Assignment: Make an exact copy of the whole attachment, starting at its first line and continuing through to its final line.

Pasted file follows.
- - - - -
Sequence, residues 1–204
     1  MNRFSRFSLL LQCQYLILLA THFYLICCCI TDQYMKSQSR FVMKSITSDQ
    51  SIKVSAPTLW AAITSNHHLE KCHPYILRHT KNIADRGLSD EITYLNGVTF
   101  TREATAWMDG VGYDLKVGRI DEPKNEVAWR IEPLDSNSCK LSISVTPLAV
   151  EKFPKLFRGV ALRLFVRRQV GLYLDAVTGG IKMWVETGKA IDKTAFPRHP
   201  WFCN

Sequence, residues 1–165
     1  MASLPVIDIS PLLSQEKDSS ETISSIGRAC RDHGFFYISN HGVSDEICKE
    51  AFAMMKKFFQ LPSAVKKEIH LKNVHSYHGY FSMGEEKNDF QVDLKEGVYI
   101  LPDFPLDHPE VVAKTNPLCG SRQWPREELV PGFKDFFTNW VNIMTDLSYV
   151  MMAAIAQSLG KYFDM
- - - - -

Sequence, residues 1–204
     1  MNRFSRFSLL LQCQYLILLA THFYLICCCI TDQYMKSQSR FVMKSITSDQ
    51  SIKVSAPTLW AAITSNHHLE KCHPYILRHT KNIADRGLSD EITYLNGVTF
   101  TREATAWMDG VGYDLKVGRI DEPKNEVAWR IEPLDSNSCK LSISVTPLAV
   151  EKFPKLFRGV ALRLFVRRQV GLYLDAVTGG IKMWVETGKA IDKTAFPRHP
   201  WFCN

Sequence, residues 1–165
     1  MASLPVIDIS PLLSQEKDSS ETISSIGRAC RDHGFFYISN HGVSDEICKE
    51  AFAMMKKFFQ LPSAVKKEIH LKNVHSYHGY FSMGEEKNDF QVDLKEGVYI
   101  LPDFPLDHPE VVAKTNPLCG SRQWPREELV PGFKDFFTNW VNIMTDLSYV
   151  MMAAIAQSLG KYFDM